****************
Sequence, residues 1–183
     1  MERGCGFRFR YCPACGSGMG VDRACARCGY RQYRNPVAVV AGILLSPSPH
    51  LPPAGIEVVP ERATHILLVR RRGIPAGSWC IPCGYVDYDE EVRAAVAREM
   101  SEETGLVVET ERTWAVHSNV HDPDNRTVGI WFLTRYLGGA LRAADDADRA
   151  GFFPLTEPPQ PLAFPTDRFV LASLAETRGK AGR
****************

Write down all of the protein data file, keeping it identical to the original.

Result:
Sequence, residues 1–183
     1  MERGCGFRFR YCPACGSGMG VDRACARCGY RQYRNPVAVV AGILLSPSPH
    51  LPPAGIEVVP ERATHILLVR RRGIPAGSWC IPCGYVDYDE EVRAAVAREM
   101  SEETGLVVET ERTWAVHSNV HDPDNRTVGI WFLTRYLGGA LRAADDADRA
   151  GFFPLTEPPQ PLAFPTDRFV LASLAETRGK AGR